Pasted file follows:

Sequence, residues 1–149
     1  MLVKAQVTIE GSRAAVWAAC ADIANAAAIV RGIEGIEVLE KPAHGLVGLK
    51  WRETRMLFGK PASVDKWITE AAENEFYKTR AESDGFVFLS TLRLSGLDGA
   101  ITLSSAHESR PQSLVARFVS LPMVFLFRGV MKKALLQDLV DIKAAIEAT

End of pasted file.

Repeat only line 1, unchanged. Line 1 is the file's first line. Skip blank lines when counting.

Sequence, residues 1–149